Tell me I am mad

How do Nitish Kumar and L.K. Advani become secular? How does rainfall determine monetary policy?

Written by Surjit S Bhalla | Published: June 22, 2013 5:46:57 am

How do Nitish Kumar and L.K. Advani become secular? How does rainfall determine monetary policy?

When I woke up this morning/ Secularism was on my mind/ So I went to Nitish/ Just to ease my pain (with apologies to We Five,“You were on my mind”)

If I had enough hair,I would tear it out. Several “events” of the last few days I am just not able to understand. See if you can. Top of my madness list is the behaviour of Nitish Kumar,Bihar chief minister and wannabe PM. Everybody wants to be PM,just like everybody “must” get stoned. So that is not the problem. The issue is the reason given for Nitish to be a born-again secularist. After being a pseudo-secularist for the last 17 years (being pseudo comes with the territory of being with the BJP),Nitish appears to have suddenly discovered religion. Though we may never know the real reasons,most people see his actions as something less than rank opportunism. The Congress is short of candidates

for PM — does he possibly see himself as a Congress-front candidate (all

puns intended)?

Along the same lines has been the Congress-friendly media’s response to L.K. Advani’s tantrums. The most amusing aspect about the “Sonia is happy” networks was their projection of Advani as the ultimate secularist. The man singly responsible for Babri Masjid — which then led to the Mumbai communal riots,which then possibly influenced the Godhra riots. The man who chose disturbing yatras over fasts as

his main weapon of political destruction. He is the new Congress icon of secularism?

Can we all be honest and forbid

When I woke up this morning/ Secularism was on my mind/ So I went to Nitish/ Just to ease my pain (with apologies to We Five,“You were on my mind”)

If I had enough hair,I would tear it out. Several “events” of the last few days I am just not able to understand. See if you can.

Top of my madness list is the behaviour of Nitish Kumar,Bihar chief minister and wannabe PM. Everybody wants to be PM,just like everybody “must” get stoned. So that is not the problem. The issue is the reason given for Nitish to be a born-again secularist. After being a pseudo-secularist for the last 17 years (being pseudo comes with the territory of being with the BJP),Nitish appears to have suddenly discovered religion. Though we may never know the real reasons,most people see his actions as something less than rank opportunism. The Congress is short of candidates for PM — does he possibly see himself as a Congress-front candidate (all puns intended)?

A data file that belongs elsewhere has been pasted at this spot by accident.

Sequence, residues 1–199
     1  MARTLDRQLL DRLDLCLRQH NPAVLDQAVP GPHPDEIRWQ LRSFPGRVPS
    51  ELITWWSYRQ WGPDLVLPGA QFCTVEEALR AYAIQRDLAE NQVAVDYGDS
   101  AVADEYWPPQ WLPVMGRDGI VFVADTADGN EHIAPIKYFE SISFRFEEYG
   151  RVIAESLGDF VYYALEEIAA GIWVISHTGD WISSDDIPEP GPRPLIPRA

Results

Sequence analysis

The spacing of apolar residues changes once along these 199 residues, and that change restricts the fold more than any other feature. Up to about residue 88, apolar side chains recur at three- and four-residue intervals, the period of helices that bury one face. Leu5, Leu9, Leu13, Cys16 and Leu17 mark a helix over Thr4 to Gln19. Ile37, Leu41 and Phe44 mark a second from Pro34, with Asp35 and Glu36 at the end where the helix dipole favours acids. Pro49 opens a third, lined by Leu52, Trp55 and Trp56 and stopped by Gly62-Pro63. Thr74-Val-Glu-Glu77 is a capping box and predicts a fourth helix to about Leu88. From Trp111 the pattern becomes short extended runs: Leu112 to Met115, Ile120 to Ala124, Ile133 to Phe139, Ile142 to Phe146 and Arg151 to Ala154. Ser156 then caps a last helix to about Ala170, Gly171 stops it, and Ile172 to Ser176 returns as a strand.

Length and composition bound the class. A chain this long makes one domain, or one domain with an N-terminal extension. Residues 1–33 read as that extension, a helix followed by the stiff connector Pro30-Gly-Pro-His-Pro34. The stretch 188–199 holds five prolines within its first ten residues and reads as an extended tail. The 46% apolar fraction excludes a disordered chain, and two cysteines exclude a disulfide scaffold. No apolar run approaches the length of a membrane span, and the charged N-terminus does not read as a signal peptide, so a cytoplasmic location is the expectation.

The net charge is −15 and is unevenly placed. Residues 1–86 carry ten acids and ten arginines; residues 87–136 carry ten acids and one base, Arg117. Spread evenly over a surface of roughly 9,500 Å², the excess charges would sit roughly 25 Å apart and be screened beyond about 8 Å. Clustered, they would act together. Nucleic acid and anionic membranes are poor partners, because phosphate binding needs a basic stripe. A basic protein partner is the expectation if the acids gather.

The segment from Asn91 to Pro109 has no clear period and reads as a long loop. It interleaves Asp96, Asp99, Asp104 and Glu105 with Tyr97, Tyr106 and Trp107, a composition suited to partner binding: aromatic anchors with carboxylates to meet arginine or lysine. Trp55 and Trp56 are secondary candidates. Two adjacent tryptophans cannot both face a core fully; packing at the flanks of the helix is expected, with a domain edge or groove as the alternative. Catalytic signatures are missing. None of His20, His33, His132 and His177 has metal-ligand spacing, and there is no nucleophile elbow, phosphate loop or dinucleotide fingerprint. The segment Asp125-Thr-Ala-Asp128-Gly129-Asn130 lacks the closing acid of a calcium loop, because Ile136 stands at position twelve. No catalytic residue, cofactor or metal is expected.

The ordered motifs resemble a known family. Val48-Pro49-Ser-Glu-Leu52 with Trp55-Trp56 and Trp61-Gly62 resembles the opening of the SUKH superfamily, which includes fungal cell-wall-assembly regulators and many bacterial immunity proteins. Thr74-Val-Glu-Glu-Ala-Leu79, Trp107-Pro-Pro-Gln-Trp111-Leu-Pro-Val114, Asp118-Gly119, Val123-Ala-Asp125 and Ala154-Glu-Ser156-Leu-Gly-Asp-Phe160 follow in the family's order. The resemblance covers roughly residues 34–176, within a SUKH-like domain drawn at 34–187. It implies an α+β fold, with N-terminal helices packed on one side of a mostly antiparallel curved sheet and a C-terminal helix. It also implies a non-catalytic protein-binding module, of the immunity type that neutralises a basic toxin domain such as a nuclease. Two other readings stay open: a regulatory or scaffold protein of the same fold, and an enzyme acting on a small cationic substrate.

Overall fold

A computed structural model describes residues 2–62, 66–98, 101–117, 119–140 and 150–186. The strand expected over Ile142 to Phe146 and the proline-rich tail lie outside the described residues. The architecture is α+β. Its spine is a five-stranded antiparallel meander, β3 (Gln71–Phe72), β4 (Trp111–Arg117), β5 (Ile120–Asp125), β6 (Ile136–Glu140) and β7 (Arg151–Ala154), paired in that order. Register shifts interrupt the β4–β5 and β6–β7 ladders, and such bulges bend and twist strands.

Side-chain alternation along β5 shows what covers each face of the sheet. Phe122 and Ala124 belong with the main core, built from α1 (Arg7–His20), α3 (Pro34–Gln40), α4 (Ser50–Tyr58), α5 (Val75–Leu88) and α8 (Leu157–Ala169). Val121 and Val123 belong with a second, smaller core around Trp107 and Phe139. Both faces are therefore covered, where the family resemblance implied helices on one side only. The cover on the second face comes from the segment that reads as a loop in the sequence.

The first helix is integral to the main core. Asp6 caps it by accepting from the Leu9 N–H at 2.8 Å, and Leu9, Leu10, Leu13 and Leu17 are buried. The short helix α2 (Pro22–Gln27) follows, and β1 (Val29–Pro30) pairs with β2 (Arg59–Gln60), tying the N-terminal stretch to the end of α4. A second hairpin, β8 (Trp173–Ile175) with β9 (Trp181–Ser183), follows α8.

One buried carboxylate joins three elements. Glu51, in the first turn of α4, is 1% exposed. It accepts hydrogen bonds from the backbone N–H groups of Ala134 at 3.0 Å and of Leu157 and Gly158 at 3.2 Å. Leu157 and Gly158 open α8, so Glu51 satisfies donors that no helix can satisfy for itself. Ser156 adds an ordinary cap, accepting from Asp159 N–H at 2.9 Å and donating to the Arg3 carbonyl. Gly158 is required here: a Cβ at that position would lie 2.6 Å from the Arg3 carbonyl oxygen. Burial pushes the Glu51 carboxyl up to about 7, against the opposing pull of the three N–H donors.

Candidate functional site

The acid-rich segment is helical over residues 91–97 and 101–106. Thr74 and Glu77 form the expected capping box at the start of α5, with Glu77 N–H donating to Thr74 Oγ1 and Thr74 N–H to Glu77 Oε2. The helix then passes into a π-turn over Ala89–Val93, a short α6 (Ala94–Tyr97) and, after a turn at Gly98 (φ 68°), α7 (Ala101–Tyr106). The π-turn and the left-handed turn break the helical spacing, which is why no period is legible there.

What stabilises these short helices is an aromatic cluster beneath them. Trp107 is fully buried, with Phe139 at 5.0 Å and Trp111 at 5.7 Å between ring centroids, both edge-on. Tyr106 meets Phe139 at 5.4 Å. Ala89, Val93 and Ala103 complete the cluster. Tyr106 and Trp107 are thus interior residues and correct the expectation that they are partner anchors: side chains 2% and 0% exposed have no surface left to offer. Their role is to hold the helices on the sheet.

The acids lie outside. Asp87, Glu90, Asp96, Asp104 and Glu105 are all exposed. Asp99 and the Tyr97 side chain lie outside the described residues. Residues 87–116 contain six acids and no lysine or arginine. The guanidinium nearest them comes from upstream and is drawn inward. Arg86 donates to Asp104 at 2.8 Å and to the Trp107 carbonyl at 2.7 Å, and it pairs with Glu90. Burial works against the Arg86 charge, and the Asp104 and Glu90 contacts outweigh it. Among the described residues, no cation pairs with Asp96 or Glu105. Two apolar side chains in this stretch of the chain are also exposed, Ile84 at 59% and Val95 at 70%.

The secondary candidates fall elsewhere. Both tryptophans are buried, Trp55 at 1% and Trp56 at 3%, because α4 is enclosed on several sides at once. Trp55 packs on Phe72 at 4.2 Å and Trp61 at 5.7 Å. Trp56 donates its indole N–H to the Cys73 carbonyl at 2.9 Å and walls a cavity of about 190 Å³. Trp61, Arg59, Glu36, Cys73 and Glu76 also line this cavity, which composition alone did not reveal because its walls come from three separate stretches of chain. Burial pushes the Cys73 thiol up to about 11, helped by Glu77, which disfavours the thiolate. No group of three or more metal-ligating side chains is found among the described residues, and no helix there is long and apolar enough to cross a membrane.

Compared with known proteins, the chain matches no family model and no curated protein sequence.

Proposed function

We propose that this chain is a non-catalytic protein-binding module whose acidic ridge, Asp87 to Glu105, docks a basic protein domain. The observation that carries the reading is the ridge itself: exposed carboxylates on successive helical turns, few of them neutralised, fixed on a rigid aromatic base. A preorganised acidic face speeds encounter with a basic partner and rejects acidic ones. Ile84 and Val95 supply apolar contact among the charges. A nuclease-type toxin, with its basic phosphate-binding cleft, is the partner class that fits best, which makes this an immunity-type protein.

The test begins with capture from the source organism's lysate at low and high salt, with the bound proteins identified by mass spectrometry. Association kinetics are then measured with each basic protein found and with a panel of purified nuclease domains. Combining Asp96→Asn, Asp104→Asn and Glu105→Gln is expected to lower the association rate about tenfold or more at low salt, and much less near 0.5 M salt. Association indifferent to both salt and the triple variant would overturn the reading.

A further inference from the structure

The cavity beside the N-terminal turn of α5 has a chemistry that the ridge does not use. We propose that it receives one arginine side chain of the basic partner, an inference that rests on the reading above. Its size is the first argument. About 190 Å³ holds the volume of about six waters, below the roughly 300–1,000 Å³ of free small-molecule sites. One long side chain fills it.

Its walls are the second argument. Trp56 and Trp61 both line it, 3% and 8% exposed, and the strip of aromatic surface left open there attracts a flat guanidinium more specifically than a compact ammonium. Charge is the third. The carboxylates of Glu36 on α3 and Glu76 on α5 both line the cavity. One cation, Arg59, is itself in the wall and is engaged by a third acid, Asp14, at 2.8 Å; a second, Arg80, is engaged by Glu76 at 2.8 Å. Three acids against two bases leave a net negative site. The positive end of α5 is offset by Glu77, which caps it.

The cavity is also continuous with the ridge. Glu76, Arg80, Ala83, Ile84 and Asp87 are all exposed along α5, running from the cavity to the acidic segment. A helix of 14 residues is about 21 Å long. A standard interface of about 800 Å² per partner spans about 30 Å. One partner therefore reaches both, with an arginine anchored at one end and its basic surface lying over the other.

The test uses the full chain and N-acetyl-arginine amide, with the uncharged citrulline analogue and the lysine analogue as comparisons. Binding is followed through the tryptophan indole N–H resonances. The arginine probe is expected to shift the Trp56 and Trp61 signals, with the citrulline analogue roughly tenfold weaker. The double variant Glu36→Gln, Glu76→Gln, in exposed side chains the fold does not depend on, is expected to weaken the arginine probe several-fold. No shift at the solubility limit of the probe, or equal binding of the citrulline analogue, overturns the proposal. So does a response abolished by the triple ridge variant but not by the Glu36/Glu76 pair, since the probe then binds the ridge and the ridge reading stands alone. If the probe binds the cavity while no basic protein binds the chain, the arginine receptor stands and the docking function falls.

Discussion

Along the same lines has been the Congress-friendly media’s response to L.K. Advani’s tantrums. The most amusing aspect about the “Sonia is happy” networks was their projection of Advani as the ultimate secularist. The man singly responsible for Babri Masjid — which then led to the Mumbai communal riots,which then possibly influenced the Godhra riots. The man who chose disturbing yatras over fasts as his main weapon of political destruction. He is the new Congress icon of secularism?

Can we all be honest and forbid the use of the S-word in our political discourse? Apart from delightedly watching all the Congress leaders and Lalu and Mulayam and now Nitish squirm while they attempt to find a new vocabulary with which to communicate with the masses,the banning of the S-word will also help our democracy. The leaders of all stripes will be forced to communicate on issues and not on empty platitudes. So my question to journalists and politicians and spokespersons is: since we get nothing,and actually negative nothings from insipid discussions about secularism,can we ban its usage? If you disagree,call me mad.